Turkish Food

  • Tadim Ocakbasi (Zossener Straße 46)
  • Doyum Restaurant (Admiralstraße 36)
  • Misir Carsisi (Skalitzer Straße 134)

*If you’d like a quick snack, try out lahmacun (Turkish pizza) at Misir Carsisi.

German Food

  • Zur kleinen Markthalle (Legiendamm 32): a traditional German pub that serves up scrumptious roasted chicken and few other small dishes.
  • Curry 36 (Mehringdamm 36): fast food Berlin-style, go get yourself a currywurst and fries from arguably the best Imbiss (snackbar) in town

A Bit Healthier

  • Hallesches Haus (Tempelhofer Ufer 1) Popular with the mostly English-speaking startup crowd, it serves delicious and healthy daily breakfast and lunch menus.
  • Prinzessinnengarten (Prinzenstraße 35-38): Kreuzberg’s urban garden, also serves a tasty, often vegetarian lunch outside in the warmer months of the year.

Checkpoint Charlie in Kreuzberg Berlin
 
 

Kreuzberg Nightlife

If vibrant nightlife is what you’re looking for, you’re probably better off in SO36 than the quieter Kreuzberg 61. This is where you’ll find the bars that make Berlin so cool, the infamous Kreuzberg nightlife!

  • Würgeengel (Dresdener Strasse 122): This cocktail bar is an absolute institution. A somewhat grungy bar serving quality cocktails to a mostly older crowd.
  • Möbel Olfe (Reichenberger Straße 177): a funky LGBTQ friendly bar with a mixed crowd.
  • Franken Bar (Oranienstraße 19a): Get a feel for Kreuzberg’s political, left wing activist past in this pub.
  • Watergate (Falckensteinstraße 49): For a bit of granny chic to go with your gin and tonic. A techno club with a more stylish crowd and amazing views over the river Spree. However, be prepared to be turned away at the door if you’re deemed not cool enough, especially if a famous DJ is headlining.
  • Club der Visionaere (Am Flutgraben): Located directly on the water playing a variety of music with more of a laid back, college student atmosphere.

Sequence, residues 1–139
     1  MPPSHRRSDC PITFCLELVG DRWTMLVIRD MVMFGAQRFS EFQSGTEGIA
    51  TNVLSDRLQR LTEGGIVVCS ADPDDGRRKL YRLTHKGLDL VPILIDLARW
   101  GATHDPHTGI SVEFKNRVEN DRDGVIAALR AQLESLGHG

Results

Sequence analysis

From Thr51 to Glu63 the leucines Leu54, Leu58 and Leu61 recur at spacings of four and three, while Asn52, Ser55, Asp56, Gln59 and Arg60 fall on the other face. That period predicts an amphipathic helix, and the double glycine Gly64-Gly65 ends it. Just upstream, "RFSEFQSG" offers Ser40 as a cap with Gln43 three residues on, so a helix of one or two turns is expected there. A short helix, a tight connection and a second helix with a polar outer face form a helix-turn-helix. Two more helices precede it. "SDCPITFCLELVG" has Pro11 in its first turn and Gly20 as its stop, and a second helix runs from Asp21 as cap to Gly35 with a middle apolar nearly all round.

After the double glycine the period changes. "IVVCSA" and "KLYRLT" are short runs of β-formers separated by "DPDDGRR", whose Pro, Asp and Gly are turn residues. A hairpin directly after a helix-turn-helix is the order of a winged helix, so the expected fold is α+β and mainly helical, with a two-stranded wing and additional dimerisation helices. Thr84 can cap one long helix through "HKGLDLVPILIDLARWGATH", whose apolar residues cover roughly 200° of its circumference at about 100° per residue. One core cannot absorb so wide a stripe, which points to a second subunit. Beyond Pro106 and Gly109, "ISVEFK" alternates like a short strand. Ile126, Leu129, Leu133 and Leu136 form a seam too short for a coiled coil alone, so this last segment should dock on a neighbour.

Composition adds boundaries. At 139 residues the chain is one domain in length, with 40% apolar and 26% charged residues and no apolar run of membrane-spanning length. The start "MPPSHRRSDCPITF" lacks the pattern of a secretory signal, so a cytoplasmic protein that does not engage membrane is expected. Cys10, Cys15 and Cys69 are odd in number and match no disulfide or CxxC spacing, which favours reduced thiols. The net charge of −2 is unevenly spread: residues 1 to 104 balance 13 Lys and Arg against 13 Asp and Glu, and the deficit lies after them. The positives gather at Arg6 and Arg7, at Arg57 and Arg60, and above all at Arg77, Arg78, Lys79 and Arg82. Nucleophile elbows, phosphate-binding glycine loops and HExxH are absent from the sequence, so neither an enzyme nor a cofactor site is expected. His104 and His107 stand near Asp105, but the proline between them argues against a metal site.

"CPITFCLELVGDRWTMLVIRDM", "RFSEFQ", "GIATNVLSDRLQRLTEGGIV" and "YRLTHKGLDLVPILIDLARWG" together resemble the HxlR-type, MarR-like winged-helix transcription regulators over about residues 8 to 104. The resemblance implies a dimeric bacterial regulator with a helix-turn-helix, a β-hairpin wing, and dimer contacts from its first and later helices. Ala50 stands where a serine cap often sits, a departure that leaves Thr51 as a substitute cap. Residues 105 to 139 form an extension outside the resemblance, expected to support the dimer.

• Junction Bar (Gneisenaustraße 18): Also a place to hear a wider variety of music and live bands in a no-frills, unpretentious atmosphere.

 

Who Should Stay in Kreuzberg

Kreuzberg Berlin is for anyone who would like to get to know one of the hippest and most multicultural neighborhoods in the city, but not be turned off by a little urban grit.

Kreuzberg is also a convenient base to sightsee and connect to all other areas of the city as it’s very centrally located.

With its many parks, playgrounds, and more laid back vibe, Kreuzberg 61 is perfect for families or travelers who are not seeking wild Kreuzberg Berlin nightlife right in front of their door. If you are coming to Berlin to live it up and don’t mind a little noise on the street until the wee hours of the night, then opt for the SO36 side.

So who should stay in the Berlin Kreuzberg District?

  • Young travelers who are seeking adventure and cheap eats and drinks
  • People who want some nightlife in a multicultural environment
  • Families who enjoy staying in the heart of the city
  • Travelers who are looking for a vibrant, urban area
  • Tourists who want to stay a little off the tourist path

Although Kreuzberg Berlin is less touristy than Mitte or parts of Charlottenburg, it can get a little gritty, especially in SO36, so keep this in mind before you decide to stay here.

Pros and Cons of Staying in Kreuzberg

Pros
  • Centrally located and great public transportation
  • Many bars, restaurants, and shops within walking distance
  • Great options for kids, such as parks and playgrounds (Kreuzberg 61)
  • Plenty of locals and no tourist traps
Cons
  • Loud, party atmosphere in some parts of SO36
  • Can get a little sketchy at night (SO36)

Where to Stay in Kreuzberg Berlin

Streets such as Skalitzer Straße and Reichenberger Straße have plenty of hostels catering to the younger crowd. However, these areas tend to be noisy and more party prone, so avoid them if you’d like a little more peace and quiet.

Gräfekiez and side streets around Bergmannstraße should be more restful, but still put you in the middle of things.

Kreuzberg Berlin Hotels

3-star Hotels in Kreuzberg Berlin

4-star Hotels in Kreuzberg Berlin

5-star Hotels in Kreuzberg Berlin

Kreuzberg Hostels

 

 

 

Safety Tips for Kreuzberg Berlin

Although Berlin is generally a safe city, you should be careful around the u-bahn station Kottbusser Tor. This area attracts junkies and can get sketchy at night.

Görlitzer Park is also known for its drug dealers, and it’s best to steer clear of the park once it gets dark.

 


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Local’s Guide to Exploring Kreuzberg Berlin: Eat, drink, stay and shop in one of Berlin’s most diverse districts! Includes tips to making the most of your time in this central and cultural Berlin area. #Berlin #Europe #Germany #Travel #Travelguide #Citybreak

Local’s Guide to Exploring Kreuzberg Berlin: Eat, drink, stay and shop in one of Berlin’s most diverse districts! Includes tips to making the most of your time in this central and cultural Berlin area. #Berlin #Europe #Germany #Travel #Travelguide #Citybreak